News PM Scott Morrison in Japan to discuss defence deal

PM Scott Morrison in Japan to discuss defence deal

scott morrison
Prime Minister Scott Morrison and his Japanese counterpart Yoshihide Suga will hold talks on a defence rules agreement in Tokyo on Tuesday. Photo: Twitter
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Prime Minister Scott Morrison has touched down in Tokyo ahead of a meeting with his Japanese counterpart Yoshihide Suga.

Mr Morrison will be the first foreign minister to meet Mr Suga in Japan since he took over from Shinzo Abe in September.

A landmark military pact will be atop the agenda when the two leaders meet.

The “reciprocal access agreement” would set out the terms and conditions for the Australian and Japanese militaries to undertake exercises on each other’s soil.

One of the sticking points of the agreement – which has been in negotiation since 2014 – has been Australia objecting to its defence force members being subject to the death penalty in Japan.

If signed, it would be the first such deal for Japan since the 1960 status of forces agreement with the United States.

Depending on the final terms, it may require the Australian parliament to pass implementing laws, and it would be scrutinised by the treaties committee.

It would also need the approval of Japan’s parliament, which is meeting at the same time as Mr Morrison’s visit.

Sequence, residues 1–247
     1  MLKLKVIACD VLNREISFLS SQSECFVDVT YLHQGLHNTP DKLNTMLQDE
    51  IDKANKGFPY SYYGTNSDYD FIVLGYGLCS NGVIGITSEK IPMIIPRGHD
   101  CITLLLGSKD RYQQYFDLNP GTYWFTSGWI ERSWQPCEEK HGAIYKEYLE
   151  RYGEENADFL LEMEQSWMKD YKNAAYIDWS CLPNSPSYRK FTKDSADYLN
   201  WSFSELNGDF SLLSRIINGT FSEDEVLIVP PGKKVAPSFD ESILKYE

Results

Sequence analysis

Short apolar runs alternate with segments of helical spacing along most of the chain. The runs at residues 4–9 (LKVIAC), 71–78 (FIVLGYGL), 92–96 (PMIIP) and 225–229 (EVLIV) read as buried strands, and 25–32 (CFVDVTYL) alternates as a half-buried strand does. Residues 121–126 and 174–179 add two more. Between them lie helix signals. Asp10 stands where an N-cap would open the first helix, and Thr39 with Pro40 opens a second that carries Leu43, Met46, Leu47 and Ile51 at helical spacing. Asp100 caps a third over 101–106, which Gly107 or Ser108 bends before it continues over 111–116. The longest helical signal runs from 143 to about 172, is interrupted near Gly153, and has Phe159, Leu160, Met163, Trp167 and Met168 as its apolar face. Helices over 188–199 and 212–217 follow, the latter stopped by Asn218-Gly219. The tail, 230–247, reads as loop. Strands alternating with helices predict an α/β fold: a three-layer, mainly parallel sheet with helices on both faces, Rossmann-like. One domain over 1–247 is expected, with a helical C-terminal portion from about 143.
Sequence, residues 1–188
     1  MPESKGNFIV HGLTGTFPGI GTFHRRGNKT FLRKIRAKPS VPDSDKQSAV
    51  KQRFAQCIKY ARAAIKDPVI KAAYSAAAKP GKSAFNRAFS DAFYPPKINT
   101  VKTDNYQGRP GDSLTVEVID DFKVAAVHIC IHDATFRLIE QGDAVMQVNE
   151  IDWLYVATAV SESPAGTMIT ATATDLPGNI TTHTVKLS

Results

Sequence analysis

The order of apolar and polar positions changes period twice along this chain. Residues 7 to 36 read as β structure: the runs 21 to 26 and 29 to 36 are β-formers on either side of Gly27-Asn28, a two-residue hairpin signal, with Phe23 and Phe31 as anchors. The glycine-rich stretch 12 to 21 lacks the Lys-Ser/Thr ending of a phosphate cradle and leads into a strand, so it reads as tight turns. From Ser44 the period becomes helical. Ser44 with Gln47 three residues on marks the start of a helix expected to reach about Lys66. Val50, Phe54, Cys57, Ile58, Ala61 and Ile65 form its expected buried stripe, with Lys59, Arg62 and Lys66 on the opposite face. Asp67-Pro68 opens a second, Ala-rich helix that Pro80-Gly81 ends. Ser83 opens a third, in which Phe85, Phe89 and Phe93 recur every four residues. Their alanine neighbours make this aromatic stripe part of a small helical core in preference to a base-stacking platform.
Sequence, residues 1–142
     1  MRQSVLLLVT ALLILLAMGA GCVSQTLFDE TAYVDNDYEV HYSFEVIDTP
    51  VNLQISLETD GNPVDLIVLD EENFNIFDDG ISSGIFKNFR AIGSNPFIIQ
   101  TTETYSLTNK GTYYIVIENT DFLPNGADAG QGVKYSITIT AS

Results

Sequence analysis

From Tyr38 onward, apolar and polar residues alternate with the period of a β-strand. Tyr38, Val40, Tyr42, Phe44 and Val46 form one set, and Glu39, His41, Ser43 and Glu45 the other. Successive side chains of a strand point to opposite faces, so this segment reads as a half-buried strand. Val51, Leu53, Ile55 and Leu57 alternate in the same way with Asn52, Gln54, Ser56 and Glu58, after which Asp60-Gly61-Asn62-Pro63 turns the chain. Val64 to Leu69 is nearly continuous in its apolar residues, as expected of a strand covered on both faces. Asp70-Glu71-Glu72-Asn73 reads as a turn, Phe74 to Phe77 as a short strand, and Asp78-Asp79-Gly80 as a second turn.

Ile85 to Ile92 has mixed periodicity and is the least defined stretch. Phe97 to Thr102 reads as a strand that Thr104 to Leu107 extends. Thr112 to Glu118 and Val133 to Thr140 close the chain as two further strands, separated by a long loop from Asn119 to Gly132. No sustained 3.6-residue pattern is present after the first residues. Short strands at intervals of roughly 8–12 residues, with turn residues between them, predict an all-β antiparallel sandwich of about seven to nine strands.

The visit comes as China announced it would conduct military training in the South China Sea from Tuesday to the end of November.

Mr Morrison and Mr Suga are also expected to discuss the coronavirus response and the potential for a travel bubble between the two countries.

But the bubble would be some time away, given Japan still has over 1000 cases a day.

As well, the leaders will talk about the impact of the foreign policy priorities of US president-elect Joe Biden.

Mr Suga was chief cabinet secretary to former prime minister Abe for eight years and as such is expected to maintain continuity of Japan’s foreign policy.

The prime minister will also meet with a group of Japanese business leaders to discuss the export of Australian hydrogen into Japan.

As well, he will meet with International Olympic Committee president Thomas Bach to discuss how the Games can be held next year.

On his return, the prime minister will go into isolation at The Lodge for 14 days, which will also mean he will have to video link in to parliament when it sits later in the month.